On the back of the 116th session of its Executive Council, held in Jeddah, Kingdom of Saudi Arabia, UNWTO set down a marker for the future of global tourism.
With the pandemic having showed the systemic vulnerabilities of the sector, the United Nations specialized agency called for the construction of a new and reimagined system of governance and financing with the aim of building resilience against future shocks while also making tourism more sustainable.
Now is the time to think big. Realize tourism’s unique potential to drive recovery, provide opportunity and build resilience, through better and stronger governance and focusing on jobs, training and education
Governance and visibility
In Jeddah, UNWTO continued with its tradition of complementing the important deliberations of its Executive Council with an open discussion on the biggest challenges and opportunities for the sector. The Forum “Tourism Futures – New Governance and Advocacy”, featured two distinct sessions – “Towards a New Tourism Governance” and “Raising Tourism’s Visibility” outside of the sector.
“Now is the time to think big”, said the UNWTO Secretary-General welcoming delegates and speakers. Zurab Pololikashvili stressed the need to “realize tourism’s unique potential to drive recovery, provide opportunity and build resilience, through better and stronger governance and focusing on jobs, training and education”.
His Excellency Ahmed Al Khateeb, Minister of Tourism for the Kingdom of Saudi Arabia, commented: “We cannot recover backwards. Now is the time to capitalize on this heightened recognition and to position tourism as an essential pillar of transformation, development and opportunity.” The Minister also reiterated the Kingdom’s plans to invest US$100 million in training 100,000 young tourism workers.
Diverse voices around a shared goal
Illustrating the diversity of UNWTO’s Membership, the high-level Thematic Debate featured contributions from Ahmed bin Aqil Al Khateeb, Minister of Tourism Saudi Arabia, Siandou Fofana, Minister of Tourism and Recreation Côte d’Ivoire, Carlos Peguero, Deputy Minister of Tourism, Dominican Republic, Tomohiro Kaneko, Vice Commissioner of the Japanese Tourism Agency, Najib Balala, Minister of Tourism of Kenya, Sofia Zacharaki, Deputy Minister of Tourism, Greece, and Tonči Glavina, State Secretary at the Ministry of Tourism and Sport, Croatia.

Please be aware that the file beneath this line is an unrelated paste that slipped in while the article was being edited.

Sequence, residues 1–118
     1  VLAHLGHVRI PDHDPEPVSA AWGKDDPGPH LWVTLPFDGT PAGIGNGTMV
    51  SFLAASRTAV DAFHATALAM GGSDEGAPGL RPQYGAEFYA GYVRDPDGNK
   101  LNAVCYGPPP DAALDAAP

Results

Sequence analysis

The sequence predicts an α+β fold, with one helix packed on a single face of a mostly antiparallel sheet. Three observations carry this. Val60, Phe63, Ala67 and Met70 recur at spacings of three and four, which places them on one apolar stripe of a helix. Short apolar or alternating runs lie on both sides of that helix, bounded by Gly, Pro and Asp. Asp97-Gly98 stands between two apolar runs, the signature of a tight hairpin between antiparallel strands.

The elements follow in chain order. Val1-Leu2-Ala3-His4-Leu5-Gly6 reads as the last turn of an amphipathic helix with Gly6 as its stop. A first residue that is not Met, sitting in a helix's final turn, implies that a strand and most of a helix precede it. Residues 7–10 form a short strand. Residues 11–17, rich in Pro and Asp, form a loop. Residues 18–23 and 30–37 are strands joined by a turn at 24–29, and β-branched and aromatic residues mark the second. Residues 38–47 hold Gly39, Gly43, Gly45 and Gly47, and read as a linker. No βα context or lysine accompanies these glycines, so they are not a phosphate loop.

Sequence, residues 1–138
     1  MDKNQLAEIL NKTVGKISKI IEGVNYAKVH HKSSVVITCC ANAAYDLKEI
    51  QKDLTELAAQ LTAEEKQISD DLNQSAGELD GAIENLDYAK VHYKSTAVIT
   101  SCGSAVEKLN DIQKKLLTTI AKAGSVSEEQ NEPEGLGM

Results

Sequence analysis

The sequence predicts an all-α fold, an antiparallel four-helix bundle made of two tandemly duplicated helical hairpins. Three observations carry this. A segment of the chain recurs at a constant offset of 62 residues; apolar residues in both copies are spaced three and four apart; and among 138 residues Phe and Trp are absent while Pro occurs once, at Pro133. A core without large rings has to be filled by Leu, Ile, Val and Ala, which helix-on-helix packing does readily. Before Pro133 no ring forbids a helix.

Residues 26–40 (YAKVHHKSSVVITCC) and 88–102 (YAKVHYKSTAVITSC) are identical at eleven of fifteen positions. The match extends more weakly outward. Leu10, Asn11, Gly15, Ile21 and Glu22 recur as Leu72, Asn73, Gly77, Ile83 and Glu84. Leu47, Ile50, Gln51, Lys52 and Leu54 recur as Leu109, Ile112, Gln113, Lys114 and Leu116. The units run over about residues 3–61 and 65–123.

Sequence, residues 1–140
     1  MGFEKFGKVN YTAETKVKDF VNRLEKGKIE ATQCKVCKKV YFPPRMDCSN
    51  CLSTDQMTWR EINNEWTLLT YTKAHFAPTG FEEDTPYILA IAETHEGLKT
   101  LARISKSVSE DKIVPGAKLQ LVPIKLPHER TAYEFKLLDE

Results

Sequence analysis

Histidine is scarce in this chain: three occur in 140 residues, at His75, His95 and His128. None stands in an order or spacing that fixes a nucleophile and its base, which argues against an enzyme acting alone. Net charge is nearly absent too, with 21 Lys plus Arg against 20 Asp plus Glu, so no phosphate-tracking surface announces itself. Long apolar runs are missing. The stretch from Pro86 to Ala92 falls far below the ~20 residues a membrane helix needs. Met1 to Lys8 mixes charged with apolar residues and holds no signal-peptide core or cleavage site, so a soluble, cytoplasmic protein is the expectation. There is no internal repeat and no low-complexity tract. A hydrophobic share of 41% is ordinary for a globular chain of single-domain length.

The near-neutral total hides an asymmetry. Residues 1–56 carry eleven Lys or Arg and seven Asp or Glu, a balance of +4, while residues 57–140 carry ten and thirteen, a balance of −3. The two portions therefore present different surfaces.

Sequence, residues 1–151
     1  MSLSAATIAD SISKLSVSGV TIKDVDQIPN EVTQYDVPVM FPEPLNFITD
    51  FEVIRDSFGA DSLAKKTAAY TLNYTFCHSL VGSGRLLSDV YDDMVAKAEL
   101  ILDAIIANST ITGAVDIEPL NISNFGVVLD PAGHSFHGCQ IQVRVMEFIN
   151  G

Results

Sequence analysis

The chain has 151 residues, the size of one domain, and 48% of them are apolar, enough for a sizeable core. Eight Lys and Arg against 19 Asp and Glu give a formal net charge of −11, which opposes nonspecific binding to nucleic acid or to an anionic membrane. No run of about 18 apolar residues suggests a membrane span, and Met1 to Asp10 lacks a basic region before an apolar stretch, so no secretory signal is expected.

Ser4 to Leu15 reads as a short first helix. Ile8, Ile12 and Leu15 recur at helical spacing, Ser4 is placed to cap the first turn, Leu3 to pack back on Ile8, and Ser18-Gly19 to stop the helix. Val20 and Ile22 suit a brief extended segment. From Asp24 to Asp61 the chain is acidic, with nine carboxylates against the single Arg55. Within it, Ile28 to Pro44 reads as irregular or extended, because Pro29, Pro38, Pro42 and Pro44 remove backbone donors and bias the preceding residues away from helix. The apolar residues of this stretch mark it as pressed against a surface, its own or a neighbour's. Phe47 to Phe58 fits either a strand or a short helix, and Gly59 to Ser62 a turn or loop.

Similarly highlighting the broadness of the sector and UNWTO’s reach of influence, the Ministers were joined by high-level representatives from business, destinations, media and communications, namely from Euronews, PRM Global, Interbrand, Netcom, Amadeus and the Diriyah Gate Development Authority (DGGA). Referencing the shared desire to get tourism moving again, Jerry Inzerillo, CEO of the DGDA, noted, “We may not share the same ideology, we may not share the same theology, but we share the same biology”, highlighting a universal desire to travel and connect with other cultures.
Providing the perspective from the media, Ruth Wright, Head of Tourism and Lifestyle Verticals at Euronews stressed that viewers still demand certainty as the “perception amongst travellers is definitely still that travel is difficult and stressful.” As a result, content focused on rules and regulations remains relevant, even as human-led tourism stories becomes more popular. “Travellers are yearning to get back to the day when travel was fun, carefree and full of unexpected surprises,” she added.
From Jeddah to the world
With the discussions emphasizing the importance of taking a whole-government approach to tourism policy, with finance and interior ministries also part of the sector’s governance, Secretary-General Pololikashvili urged participants and all UNWTO Executive Council members advance this important agenda for positive change.
The Jeddah Call to Action recognizes the vital need for more and better tourism governance, with targeted investments and a focus on building resilience, advancing sustainability and expanding education and training. It forms part of UNWTO’s wider work ensuring the recognition of tourism reflects the sector’s unique social and economic importance, including through making it a key part of the work of the United Nations and securing the cooperation of governments, international organizations and financial institutions.